Morphing as a Selection Tool in the Rhinoplasty Consult: A Cross-Sectional Study

Garyfalia Lekakis, Jonathan Sykes, Greet Hens, Peter William Hellings

Research output: Contribution to journalArticle

Abstract

Despite the recognized value of morphing in the literature, this preoperative tool has never been studied in the context of selection process in rhinoplasty. The main purpose of this article is to identify the use of morphing as a filter for unsuitable patients, the attrition rate from the initial consultation to surgery, and whether patients' appreciation on morphing influence their decision-making process. Three-hundred thirty-four consecutive patients, seeking rhinoplasty, underwent two-dimensional computer imaging and completed a 14-question survey about their opinion on morphing. Based on the presence or absence of patient/physician consensus on the expected outcomes during simulation, patients were divided into accepted or rejected candidates for surgery. Accepted candidates were scheduled for rhinoplasty and subdivided into those who underwent surgery, those who postponed their surgery (static), and those who cancelled their procedure. Their responses to the survey were compared between different patients' categories. Forty-four patients (13.2%) were rejected for rhinoplasty since consensus was not achieved during morphing. From 290 accepted patients, 178 underwent their operation (53.3%), 74 patients (22.1%) postponed their rhinoplasty, and 38 (11.4%) cancelled their surgery. Fifty-seven percent of rejected patients and 42% of the static group were not satisfied with the proposed results of morphing, in contrast with 16% of the operated group. Sixty-four percent of rejected patients, and 47% of the static group were not reassured after morphing, compared with 26% of the operated group. Presence or absence of consensus during morphing can guide the surgeon regarding a given patients' suitability for surgery. Patient satisfaction and reassurance with the morphed images can be a good predictor of patients who will proceed to surgery, calling attention to the value of morphing as a selection tool for surgeons and patients alike.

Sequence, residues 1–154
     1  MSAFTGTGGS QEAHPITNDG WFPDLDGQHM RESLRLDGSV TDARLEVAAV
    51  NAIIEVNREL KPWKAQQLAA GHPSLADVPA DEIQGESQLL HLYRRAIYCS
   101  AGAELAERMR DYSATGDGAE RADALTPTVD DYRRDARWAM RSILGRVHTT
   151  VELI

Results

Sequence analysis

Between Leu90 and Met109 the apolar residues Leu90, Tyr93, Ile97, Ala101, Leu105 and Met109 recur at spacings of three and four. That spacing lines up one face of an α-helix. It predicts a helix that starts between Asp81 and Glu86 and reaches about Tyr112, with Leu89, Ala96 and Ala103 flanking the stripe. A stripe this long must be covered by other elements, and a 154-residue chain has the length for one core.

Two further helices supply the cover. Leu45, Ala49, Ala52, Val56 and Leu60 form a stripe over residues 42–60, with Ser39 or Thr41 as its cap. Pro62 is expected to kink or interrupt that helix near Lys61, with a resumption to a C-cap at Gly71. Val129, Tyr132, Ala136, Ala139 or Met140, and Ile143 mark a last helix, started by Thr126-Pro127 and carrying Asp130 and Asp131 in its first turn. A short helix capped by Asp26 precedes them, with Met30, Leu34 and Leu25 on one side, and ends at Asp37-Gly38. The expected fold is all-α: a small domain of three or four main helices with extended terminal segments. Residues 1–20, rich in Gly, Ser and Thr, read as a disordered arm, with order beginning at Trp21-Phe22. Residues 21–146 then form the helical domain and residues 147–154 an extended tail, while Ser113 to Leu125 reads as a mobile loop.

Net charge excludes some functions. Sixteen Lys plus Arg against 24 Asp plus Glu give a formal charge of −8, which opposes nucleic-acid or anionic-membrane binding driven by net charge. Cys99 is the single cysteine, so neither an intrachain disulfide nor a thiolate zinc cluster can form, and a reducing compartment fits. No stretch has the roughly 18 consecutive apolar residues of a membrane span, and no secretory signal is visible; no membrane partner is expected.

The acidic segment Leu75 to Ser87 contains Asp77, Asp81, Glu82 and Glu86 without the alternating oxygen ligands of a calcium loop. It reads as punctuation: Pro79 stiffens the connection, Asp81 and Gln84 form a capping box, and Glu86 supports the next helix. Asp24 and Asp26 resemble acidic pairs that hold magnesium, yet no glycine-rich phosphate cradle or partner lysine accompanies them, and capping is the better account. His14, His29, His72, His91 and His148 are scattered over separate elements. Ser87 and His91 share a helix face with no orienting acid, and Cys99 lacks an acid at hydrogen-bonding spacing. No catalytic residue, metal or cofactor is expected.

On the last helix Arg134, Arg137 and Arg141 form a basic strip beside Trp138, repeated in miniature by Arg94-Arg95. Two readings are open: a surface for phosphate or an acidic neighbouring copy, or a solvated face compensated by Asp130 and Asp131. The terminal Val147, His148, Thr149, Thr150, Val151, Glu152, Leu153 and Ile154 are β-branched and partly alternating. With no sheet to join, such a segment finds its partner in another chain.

Original languageEnglish (US)
Pages (from-to)112-119
Number of pages8
JournalFacial Plastic Surgery
Volume36
Issue number1
DOIs
StatePublished - Feb 1 2020
Externally publishedYes

Keywords

  • Computer imaging
  • computer simulation
  • morphing
  • patient selection
  • rhinoplasty consult

ASJC Scopus subject areas

  • Surgery

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